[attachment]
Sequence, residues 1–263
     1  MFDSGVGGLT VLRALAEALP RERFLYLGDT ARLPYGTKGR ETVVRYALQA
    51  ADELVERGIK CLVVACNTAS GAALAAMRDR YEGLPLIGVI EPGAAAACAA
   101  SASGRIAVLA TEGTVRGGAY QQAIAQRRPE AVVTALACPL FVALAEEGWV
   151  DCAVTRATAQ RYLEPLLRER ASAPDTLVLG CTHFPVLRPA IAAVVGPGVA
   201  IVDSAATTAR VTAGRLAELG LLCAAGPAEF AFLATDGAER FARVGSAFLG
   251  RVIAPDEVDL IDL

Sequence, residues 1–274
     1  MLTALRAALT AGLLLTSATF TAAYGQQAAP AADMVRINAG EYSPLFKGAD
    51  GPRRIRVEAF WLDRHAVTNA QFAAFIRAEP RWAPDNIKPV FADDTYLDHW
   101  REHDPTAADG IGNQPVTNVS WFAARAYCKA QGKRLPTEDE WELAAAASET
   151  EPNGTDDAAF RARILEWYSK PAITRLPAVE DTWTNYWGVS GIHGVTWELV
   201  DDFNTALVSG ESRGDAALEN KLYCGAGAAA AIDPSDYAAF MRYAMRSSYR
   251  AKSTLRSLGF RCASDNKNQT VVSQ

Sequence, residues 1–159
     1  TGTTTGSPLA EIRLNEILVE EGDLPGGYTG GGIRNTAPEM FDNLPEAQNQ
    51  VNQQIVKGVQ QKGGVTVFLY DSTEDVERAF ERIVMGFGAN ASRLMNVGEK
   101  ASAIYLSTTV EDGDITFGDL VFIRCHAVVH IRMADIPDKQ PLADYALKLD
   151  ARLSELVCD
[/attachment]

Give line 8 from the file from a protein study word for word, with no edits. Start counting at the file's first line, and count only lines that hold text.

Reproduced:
Sequence, residues 1–274